Events & News

Civic Virtue & the Politics of Display

July 19, 2011
6:30 PM
World Monuments Fund

NYPAP and the Fine Arts Federation of New York hosted a lecture by Michele H. Bogart, author and professor of American visual culture studies at Stony Brook University. Entitled “Civic Virtue & the Politics of Display, or How Anthony Weiner Shed Light on a Public Art Cause: Notes from One Preservation Archive,” Bogart drew from extensive research to offer a new perspective on the long-controversial sculpture Civic Virtue Triumphant Over Unrighteousness. Commissioned by New York City Mayor George McClellan as a Progressive Era symbol of good government, Frederick MacMonnies’ Civic Virtue proved divisive upon its 1922 completion. Although MacMonnies defended the work as allegorical, opponents argued that its imagery—civic virtue as a male figure triumphing over vice, represented by two prone female figures—was misogynist. In 1941, Mayor Fiorello LaGuardia and Robert Moses moved the statue from its prominent location in Manhattan’s City Hall Park to Kew Gardens, Queens, where it now lies in disrepair. Over the subsequent years, various politicians refused to maintain the sculpture due to its polemical nature, and in February 2011, Queens congressman Anthony Weiner spoke against the deteriorating monument as “sexist” and an “eyesore.” In her lecture, Bogart asserted that Weiner’s campaign against Civic Virtue, which included calling for its removal through an advertisement on Craigslist, paradoxically helped its cause by drawing attention to its plight. She went on to examine Weiner’s objection in the ironic light of the infamous scandal that erupted several months later. Appealing for the restoration of Civic Virtue as a historical artifact and a catalyst for civil discussion of modern ideals, Bogart argued that controversy does not preclude preservation.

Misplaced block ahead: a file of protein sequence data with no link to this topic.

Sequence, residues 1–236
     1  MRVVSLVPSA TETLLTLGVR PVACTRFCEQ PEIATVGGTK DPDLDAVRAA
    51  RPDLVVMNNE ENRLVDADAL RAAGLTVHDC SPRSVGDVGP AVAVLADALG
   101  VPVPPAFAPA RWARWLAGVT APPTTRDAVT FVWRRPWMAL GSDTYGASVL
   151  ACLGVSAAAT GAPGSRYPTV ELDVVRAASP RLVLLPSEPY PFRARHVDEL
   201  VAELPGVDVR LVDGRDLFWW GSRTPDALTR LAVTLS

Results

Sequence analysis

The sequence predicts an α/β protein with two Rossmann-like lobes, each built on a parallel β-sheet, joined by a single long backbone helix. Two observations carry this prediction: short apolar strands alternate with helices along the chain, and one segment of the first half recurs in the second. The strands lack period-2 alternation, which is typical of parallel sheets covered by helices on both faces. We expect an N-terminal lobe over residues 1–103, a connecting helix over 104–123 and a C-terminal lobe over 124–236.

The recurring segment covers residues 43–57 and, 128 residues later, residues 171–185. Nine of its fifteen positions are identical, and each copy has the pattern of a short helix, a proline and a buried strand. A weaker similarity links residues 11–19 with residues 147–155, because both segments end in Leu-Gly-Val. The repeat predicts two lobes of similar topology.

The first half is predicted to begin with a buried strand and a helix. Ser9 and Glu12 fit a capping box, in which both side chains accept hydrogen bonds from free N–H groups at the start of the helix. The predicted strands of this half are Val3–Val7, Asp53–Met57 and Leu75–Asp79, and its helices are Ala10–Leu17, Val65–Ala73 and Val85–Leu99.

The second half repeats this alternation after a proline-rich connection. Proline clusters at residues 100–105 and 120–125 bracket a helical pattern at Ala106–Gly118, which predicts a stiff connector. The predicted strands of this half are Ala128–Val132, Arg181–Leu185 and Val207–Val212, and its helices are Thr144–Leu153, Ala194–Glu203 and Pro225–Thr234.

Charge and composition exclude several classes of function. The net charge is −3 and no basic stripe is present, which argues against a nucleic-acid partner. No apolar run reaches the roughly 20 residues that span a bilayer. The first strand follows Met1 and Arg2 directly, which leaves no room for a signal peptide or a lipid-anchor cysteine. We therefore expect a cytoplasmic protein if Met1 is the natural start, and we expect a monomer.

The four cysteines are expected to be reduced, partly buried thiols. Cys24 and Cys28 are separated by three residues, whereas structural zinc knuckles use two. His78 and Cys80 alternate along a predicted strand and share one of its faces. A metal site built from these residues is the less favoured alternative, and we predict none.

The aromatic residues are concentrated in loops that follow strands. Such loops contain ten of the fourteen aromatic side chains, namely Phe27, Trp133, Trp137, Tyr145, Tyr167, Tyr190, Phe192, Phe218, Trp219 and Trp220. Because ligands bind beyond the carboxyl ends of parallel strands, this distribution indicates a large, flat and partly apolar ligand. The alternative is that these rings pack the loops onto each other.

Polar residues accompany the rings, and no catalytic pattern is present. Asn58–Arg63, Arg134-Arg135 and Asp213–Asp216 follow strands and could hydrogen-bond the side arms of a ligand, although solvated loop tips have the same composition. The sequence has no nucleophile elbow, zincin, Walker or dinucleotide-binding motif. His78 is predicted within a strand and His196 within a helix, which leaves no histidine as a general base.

World Monuments Fund
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New York, NY 10119
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Above: Civic Virtue installed in City Hall Park in Manhattan in 1922; Courtesy of Times Wide World Photos